I thought I’d do another quick AMAZON KDP income report here – even though we are halfway through July right now!
June was really surprising actually because I thought it may take a nose dive coming into the summer months. Last year, my lowest month was in August so, that’s what I’m likely anticipating this year.
While it was lower than the super high month I had in May, I still made over $5000 and my Ad spend was also low, (I will run through that in a moment).
So far in 2021, I have had two months that have reached over $7000 and every other month has been around the 5k mark.
With the experience I had in my first year, I think I was expecting a bit more of a rollercoaster type experience. While I certainly can have that day to day at times, overall the months have been pretty solid.
I feel this also comes down to most of my niches being evergreen. (So far) I haven’t gone for seasonal niches all that much.
On the downside, it means you may not get as big of a peak on certain months, that other people do. For example; some people did really well for mother or fathers day.
While I do create the odd book for these types of events, they haven’t generally been big sellers for me.
This is one thing I would like to work on in time for Q4, as I would like to have more gift related items that will sell well during this time of year.
Below you can see a snap shot of June:
It says I have 510 books – but that’s the total amount of books I have published.
The amount I actually still have published is 487 and that is because I have unpublished some over time – particularly those that were date specific.
Unlike some other months, all days in June were under the $300 mark – although the lowest day I had in June was still over $90. If you divide the total royalties by 30, it still works out at around $175 a day.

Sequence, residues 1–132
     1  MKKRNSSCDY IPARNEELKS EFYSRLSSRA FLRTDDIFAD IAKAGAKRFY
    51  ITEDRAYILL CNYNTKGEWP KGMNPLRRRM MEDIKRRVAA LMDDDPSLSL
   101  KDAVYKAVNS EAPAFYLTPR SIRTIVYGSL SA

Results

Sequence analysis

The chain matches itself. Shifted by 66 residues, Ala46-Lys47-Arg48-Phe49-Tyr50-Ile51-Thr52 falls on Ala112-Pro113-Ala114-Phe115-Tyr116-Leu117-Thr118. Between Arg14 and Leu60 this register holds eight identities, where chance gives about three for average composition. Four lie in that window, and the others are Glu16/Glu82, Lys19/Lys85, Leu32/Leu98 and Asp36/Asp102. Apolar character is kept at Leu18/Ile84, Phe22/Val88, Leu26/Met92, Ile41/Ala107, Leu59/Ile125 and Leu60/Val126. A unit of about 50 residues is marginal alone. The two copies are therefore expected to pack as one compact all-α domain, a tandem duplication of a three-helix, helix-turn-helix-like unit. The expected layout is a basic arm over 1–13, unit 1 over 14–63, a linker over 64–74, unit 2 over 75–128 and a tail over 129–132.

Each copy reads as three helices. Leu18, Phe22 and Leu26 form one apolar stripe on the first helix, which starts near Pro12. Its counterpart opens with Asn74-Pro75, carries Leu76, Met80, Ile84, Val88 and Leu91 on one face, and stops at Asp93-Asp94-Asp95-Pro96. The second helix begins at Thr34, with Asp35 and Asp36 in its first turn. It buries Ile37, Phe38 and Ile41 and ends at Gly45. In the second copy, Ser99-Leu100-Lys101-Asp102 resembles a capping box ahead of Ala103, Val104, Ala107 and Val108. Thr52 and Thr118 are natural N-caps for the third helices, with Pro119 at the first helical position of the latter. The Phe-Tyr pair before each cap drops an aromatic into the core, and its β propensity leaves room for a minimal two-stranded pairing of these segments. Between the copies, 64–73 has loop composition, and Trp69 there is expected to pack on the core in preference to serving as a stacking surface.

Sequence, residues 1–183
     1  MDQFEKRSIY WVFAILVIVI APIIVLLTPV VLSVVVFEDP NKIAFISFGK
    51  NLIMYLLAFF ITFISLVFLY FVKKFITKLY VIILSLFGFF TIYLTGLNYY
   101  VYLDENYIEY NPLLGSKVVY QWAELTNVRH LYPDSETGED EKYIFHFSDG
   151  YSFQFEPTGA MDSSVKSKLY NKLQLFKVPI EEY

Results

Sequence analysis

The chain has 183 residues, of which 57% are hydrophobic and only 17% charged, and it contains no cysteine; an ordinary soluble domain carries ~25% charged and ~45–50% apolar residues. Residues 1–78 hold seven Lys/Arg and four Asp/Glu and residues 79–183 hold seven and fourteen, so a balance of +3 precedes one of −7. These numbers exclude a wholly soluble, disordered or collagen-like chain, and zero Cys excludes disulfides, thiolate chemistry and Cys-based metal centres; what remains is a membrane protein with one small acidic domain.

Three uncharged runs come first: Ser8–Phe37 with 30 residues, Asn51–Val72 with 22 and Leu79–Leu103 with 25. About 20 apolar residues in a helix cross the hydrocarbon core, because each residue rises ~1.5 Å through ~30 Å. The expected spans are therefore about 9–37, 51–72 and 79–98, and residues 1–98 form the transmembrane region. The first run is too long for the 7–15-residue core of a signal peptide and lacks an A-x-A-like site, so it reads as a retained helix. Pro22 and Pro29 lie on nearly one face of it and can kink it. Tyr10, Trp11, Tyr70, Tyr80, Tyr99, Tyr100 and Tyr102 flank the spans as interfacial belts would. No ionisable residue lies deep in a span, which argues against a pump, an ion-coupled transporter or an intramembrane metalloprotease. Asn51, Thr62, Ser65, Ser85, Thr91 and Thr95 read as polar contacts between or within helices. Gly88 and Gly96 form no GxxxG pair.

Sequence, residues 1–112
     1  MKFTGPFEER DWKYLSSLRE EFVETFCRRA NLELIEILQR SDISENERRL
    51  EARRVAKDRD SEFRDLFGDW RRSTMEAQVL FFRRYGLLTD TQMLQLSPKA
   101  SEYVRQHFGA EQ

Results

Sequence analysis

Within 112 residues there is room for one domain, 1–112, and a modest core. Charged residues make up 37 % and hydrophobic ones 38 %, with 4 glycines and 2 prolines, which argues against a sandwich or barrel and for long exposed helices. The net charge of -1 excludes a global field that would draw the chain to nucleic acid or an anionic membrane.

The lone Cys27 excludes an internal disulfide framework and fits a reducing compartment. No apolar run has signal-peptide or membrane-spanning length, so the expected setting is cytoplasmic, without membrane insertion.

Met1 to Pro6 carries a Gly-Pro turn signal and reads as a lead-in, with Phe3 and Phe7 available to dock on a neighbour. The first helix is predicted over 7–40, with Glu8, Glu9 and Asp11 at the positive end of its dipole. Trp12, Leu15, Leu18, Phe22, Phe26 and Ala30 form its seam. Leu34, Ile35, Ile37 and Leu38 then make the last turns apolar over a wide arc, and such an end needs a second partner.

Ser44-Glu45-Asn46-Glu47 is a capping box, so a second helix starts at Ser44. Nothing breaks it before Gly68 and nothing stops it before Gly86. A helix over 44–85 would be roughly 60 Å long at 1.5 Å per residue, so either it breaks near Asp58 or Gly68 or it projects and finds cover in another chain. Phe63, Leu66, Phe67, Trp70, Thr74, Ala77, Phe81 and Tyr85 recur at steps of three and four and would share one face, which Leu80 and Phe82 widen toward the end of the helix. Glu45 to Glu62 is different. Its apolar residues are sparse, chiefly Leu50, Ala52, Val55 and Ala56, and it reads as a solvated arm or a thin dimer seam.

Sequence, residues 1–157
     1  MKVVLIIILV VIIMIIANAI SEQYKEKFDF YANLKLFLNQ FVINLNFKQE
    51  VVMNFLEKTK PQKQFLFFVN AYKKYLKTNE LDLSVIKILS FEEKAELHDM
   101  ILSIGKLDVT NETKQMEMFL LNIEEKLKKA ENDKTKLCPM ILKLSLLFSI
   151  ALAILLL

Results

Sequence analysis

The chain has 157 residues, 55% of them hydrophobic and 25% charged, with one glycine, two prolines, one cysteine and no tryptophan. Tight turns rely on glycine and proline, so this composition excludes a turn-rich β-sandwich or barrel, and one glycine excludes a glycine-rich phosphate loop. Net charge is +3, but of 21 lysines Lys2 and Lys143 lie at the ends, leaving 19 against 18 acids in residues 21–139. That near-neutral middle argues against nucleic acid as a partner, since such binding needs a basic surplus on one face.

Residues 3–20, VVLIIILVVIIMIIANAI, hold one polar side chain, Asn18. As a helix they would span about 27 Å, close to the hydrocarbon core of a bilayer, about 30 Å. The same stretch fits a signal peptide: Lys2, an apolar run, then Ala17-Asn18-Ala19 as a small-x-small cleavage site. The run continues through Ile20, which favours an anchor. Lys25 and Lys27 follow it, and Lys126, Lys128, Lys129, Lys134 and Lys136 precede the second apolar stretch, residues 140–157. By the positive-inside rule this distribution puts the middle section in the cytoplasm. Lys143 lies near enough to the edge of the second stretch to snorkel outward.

Did I Publish Any New Books?
I published 3 new books in June, but I spent quite a lot of time updating some of my older books.
Recently, I’ve started trying to improve the covers and keywords of some of my older books.
I do this with books that either haven’t sold, or haven’t sold that many.
While in many cases, it hasn’t made too much difference – I have had success with updating the cover on one particular book, which has started making some sales most days and this was without Ads.
It’s an additional reminder really about just how important a cover is.
I have a new book I published in July that I spent a really long time on and tried to make both the cover and interior as good as I could.
Despite Amazon having a problem right now enabling the “look-inside” feature, I was so happy to see I’d made a sale on that new book yesterday, having published it around a week ago.
Unfortunately, Amazon aren’t even showing the back of some books at the moment, which means that even having the interior pages pictures on the back won’t be of benefit.
I have contacted Amazon about the issue and they say this is a big ongoing thing that they will eventually resolve.